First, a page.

How does mourning (suffering) bless us?  First it trains us by sculpting souls.  This is God's work, not ours.  The sculptor, not the statue, knows when and where the hammer must fall.  Second, it strengthens our love, the motive for enduring suffering.  After we invest a lot of suffering in something, we treasure it more, for "where your treasure is, there your heart will be also."  Third, it teaches us the wisdom that comes only by the experience of suffering.  Rabbi Abraham Heschel puts it simply:  "The man who has not suffered--what can he know anyway?"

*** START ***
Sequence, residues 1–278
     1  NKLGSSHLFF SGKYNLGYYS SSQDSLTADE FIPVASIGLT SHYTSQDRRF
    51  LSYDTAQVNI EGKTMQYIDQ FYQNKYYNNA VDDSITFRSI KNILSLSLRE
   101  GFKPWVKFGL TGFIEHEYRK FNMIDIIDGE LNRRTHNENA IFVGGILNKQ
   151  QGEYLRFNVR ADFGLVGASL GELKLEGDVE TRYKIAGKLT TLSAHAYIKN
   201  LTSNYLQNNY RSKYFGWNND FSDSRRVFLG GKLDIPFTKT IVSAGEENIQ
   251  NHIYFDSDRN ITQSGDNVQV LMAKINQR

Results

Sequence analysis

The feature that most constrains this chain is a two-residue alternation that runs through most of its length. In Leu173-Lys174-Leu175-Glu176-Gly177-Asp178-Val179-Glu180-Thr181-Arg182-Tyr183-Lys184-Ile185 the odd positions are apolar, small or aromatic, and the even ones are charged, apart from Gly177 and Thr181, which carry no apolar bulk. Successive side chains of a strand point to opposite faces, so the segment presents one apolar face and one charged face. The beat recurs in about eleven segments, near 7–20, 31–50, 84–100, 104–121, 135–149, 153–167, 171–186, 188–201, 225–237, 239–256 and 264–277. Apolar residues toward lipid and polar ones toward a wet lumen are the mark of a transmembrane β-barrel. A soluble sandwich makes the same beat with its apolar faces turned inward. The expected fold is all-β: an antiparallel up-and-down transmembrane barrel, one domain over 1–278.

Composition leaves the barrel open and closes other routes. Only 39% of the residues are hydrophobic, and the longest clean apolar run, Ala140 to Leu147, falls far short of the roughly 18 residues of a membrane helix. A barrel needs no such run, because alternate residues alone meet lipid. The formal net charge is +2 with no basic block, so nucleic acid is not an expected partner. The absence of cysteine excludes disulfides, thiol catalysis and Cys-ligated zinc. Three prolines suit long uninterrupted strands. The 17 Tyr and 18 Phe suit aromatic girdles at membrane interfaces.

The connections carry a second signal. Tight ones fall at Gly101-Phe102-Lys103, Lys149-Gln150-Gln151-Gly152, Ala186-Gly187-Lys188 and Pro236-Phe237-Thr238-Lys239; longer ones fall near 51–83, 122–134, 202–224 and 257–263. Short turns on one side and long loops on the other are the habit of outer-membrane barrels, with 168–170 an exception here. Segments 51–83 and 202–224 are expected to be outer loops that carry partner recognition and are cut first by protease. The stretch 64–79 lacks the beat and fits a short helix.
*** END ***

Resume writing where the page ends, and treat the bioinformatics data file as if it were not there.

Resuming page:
What does suffering teach?  The wordless wisdom that even sinners can detect in saints. The thing that made Job finally satisfied.  Even Christ, "though he was a Son, yet he learned obedience by the things which he suffered" (Heb 5:8)"

Thank you all so much for the generous outpouring of love, support, and prayers you have given us as we grieve the loss of this precious child.  Our little Katharine Louise is currently at her grandparents house, who kindly offered to take care of her for us until she can be laid to rest at home in North Carolina at 10 a.m. on Thursday morning.

My Lord, the baby is dead! 

Why, my Lord, dare I ask why? It will not hear the whisper of the wind or see the beauty of its parents’ face. It will not see the beauty of Your creation or the flame of a sunrise.

Why, my Lord?

“Why, My child, do you ask ‘why’? 

Well, I will tell you why.